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Sunday, May 10, 2020 1:07 PM

SIGNYM

I believe in solving problems, not sharing them.



Quote:

US Has 'Limited' Ability To Manufacture Coronavirus Treatments, Vaccines
Or PPEs, for that matter. Or fine chemicals. Or steel. Or plastic. Or housewares. Or just about anything that you base a modern economy on.

Quote:

A pharmaceutical company CEO says that while the United States may have the capability to deliver coronavirus treatments - if and when available - that the US has limited capacity to manufacture said treatments.

"Our distribution capabilities work. I'm not worried about that," said Leonard Schleifer, CEO of pharmaceutical company Regeneron, which is working on a coronavirus treatment. "Our manufacturing capacity, on the other hand...I think our capacity is limited," he added.



It's not only a 100=year pandemic to prepare for. There is a whole list of catastrophes and disasters, both natural and manmade, that can affect your standard of living.

One example, which I've brought up more than once, is THE factory in Japan that made THE plastic used in memories. When it burned down, manufacturing halted.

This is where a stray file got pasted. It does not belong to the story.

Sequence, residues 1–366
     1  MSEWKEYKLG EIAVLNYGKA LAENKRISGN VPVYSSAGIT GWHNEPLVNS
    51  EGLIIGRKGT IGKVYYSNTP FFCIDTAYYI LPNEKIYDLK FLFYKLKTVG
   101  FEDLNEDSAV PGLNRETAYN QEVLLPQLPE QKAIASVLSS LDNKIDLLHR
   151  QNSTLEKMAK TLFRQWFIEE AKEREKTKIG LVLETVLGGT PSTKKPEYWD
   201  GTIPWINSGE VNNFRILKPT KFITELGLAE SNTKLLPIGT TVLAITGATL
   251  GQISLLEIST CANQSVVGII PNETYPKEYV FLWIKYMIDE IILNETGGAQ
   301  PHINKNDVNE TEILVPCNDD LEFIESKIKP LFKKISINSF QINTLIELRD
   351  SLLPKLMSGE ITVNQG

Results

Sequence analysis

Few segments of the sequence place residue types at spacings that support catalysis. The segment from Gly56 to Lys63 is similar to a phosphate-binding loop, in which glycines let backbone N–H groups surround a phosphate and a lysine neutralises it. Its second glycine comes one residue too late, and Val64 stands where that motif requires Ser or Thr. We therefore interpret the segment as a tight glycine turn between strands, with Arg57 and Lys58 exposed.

Aside from preparedness and robustness, there is the issue of "balance of trade". The USA gets to buy alottacrap because we have the world reserve currency. The same is not true for other nations... you don't get to endlessly buy without being able to exchange something of real value.

One of these days, our reserve currency status is going to end and other nations will refuse to accept the dollar as the worth less currency that it is. There is nothing backing the almighty dollar except our almighty gunboats.

And finally ... people have a need to ensure their survival thru some direct means. It is millenia of evolution behind it, which rewards us when we spot a shriveled twig that we know means a yummy tuber in the ground, or we've organized a hunt and finally brought down that monkey/deer that will feed us.